In a recent post, Professor Barzun attributes to our article Working Themselves Impure the argument that when prescriptive legal theories (such as originalism, textualism, and cost-benefit analysis) persist past the point of “impurification,” they do so “because they serve as tools of professional advancement, enabling their adherents to improve their status within the relevant academic or professional community.” Our explanatory hypothesis for theory persistence is neither as narrow nor as cynical as this formulation suggests. As we discuss in the article, legal theorists and practitioners have a wide range of plausible motives for adhering to an impure theory—one that no longer serves its initial normative commitments and instead advances a set of weaker and less determinate claims.

Conscious desire for professional advancement is one such motive. But our article does not place much emphasis on it, as the excerpts below reflect. Far more significant, we suspect, are practical and political considerations as well as unconscious motives traceable to ideological and institutional conditioning. The broader point here is that both the persistence of any given impure theory and the real-world effects of that persistence cannot reliably be explained without investigating the diversity of potential reasons why people would continue to endorse such a theory.

From our article’s introduction:

[T]he persistence of ever-more-adulterated legal theories cannot be explained by broad acceptance of their initial normative commitments, for the price of persistence is the unraveling of those commitments. When such theories endure, we can expect to find them serving interests or ideals exogenous to their stated aims. The continuing bipartisan embrace of originalism, for instance, may be bolstered by its tendency to enhance the political prestige of lawyers or the moral prestige of American nationalism. In any event, the real basis for the persistence of an adulterated prescriptive legal theory—and the real stakes of that theory’s persistence—will be only dimly illuminated by the theory itself.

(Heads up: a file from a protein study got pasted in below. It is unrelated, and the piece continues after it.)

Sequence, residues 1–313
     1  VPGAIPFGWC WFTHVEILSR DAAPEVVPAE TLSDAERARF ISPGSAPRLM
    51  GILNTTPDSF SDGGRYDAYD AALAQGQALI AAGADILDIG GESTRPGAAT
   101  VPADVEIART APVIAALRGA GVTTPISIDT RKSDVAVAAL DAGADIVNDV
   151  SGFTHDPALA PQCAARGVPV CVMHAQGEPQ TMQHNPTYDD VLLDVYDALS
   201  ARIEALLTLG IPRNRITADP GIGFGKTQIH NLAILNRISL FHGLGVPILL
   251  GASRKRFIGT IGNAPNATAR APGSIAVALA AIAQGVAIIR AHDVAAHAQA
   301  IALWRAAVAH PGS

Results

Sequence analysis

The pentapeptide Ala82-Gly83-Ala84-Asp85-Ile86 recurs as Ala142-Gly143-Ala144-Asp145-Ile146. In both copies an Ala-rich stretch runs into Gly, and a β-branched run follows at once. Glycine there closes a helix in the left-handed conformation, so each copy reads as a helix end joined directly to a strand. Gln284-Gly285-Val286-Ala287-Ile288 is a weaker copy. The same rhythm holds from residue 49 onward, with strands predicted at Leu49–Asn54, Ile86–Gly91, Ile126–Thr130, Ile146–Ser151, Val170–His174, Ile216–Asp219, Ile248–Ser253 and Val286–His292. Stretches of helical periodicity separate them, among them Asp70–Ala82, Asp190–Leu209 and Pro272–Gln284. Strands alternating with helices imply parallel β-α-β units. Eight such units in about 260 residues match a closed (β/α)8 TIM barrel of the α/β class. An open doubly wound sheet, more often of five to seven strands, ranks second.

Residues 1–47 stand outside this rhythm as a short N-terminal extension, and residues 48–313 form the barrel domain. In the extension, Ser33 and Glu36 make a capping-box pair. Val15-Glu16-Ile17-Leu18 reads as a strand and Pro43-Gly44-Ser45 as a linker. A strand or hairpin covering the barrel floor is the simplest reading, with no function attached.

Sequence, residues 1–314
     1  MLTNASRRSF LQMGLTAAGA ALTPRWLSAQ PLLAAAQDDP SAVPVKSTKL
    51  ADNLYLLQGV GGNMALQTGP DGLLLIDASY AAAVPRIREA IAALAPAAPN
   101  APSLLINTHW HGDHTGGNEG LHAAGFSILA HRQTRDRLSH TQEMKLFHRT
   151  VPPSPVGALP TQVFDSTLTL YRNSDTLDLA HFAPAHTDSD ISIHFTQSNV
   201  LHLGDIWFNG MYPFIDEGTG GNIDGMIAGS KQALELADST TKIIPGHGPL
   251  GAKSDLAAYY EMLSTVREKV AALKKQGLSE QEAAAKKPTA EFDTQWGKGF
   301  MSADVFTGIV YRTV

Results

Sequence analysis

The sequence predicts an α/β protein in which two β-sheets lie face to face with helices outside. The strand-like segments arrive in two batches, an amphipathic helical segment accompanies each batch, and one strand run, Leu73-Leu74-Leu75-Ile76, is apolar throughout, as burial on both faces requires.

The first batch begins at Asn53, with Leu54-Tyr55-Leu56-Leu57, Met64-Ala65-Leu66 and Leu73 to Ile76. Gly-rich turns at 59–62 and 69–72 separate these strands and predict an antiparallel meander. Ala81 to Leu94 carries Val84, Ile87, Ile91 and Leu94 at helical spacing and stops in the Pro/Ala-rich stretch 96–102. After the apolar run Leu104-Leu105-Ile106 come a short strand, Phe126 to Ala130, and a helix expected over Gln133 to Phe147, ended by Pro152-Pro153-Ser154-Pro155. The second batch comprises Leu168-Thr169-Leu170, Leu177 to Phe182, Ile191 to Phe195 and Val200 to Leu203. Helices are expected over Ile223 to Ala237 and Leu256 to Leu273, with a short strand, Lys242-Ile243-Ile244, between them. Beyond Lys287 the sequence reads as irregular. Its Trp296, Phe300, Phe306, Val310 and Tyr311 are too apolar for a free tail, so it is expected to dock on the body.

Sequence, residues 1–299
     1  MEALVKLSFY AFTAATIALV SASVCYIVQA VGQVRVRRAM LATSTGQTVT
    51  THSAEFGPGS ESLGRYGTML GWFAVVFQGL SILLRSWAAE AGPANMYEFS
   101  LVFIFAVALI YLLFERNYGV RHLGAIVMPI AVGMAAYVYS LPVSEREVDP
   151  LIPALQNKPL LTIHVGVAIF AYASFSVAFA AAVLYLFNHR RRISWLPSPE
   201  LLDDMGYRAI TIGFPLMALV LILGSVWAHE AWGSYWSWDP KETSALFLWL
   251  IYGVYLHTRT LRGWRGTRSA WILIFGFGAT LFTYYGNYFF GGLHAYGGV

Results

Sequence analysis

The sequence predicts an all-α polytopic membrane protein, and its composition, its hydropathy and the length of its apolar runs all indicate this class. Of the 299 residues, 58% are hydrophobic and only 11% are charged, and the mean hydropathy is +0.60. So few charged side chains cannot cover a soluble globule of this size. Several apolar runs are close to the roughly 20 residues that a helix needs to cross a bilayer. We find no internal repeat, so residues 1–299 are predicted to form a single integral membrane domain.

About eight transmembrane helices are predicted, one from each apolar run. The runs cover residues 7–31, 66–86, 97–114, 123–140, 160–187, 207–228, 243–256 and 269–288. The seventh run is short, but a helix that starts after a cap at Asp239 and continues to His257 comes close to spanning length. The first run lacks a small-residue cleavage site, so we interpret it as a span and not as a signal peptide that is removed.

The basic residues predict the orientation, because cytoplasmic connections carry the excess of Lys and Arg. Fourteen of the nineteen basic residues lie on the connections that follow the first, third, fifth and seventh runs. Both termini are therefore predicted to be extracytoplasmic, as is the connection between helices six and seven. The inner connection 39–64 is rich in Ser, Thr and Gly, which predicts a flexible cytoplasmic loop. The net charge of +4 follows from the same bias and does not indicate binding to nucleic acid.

And from the last few pages on which Barzun focuses:

[I]n light of the weaknesses of alternative explanations, the exogenous hypothesis—that highly adulterated legal theories persist because they serve interests and ideals that are not compassed by the theories themselves—strikes us as the most useful starting point for further empirical work.

If this hypothesis proves correct, it would warrant an important caveat to Part V.A’s relatively optimistic take on the life cycle. To whatever extent highly adulterated theories persist because they serve interests and ideals “off the page,” such persistence will not merely recapitulate the legal and political status quo. Instead, it will subtly shift the balance of social and economic forces within the status quo. At T6 of the life cycle, some legal actors will be in a more powerful position than they were at T1, and so will be better equipped to resolve the underlying dispute on favorable terms. Recapitulating a debate about the definition and enforcement of fundamental rights through an originalist lens could influence the ultimate outcome of the debate insofar as a bipartisan embrace of originalism enhances the persuasive authority of certain lawyers—for example, those steeped in Founding era history—or links the question of rights to a certain vision of American nationalism or exceptionalism. On multiple levels, then, adulterated theories may exert disciplinary effects on the legal academy and the practice of law even when they fail to achieve their internal goals—altering not only which sorts of lawyers (and nonlawyers) are in or out, up or down, but also which styles of research, rhetoric, and justification have more or less currency. These effects operate at the level of ideas and institutions, not just individual reputations and aesthetics.

A new research program for public law scholarship might investigate these dynamics within the framework of the life cycle model. The life cycle suggests that systematic scrutiny of the indirect and unintended effects of prescriptive legal theories is integral to understanding why these theories succeed, and to assessing the costs of that success.

Pace Barzun, the article’s life cycle model directly engages with “the substance of [a given] theory’s claims and assumptions.” Indeed, it is only when those claims and assumptions have broken down that the puzzle of a theory’s persistence comes to the fore. In the absence of the claims and assumptions that explicitly motivated the theory in the first place, investigation into other possible motives for adhering to the theoryand into the possible consequences of such adherence—is in order. Nothing in Barzun’s proposed deconstruction of the distinction between internal and external explanation in the social sciences undermines this point. We leave it to readers to judge whether our approach or Barzun’s is more likely to stimulate fruitful scholarly inquiry.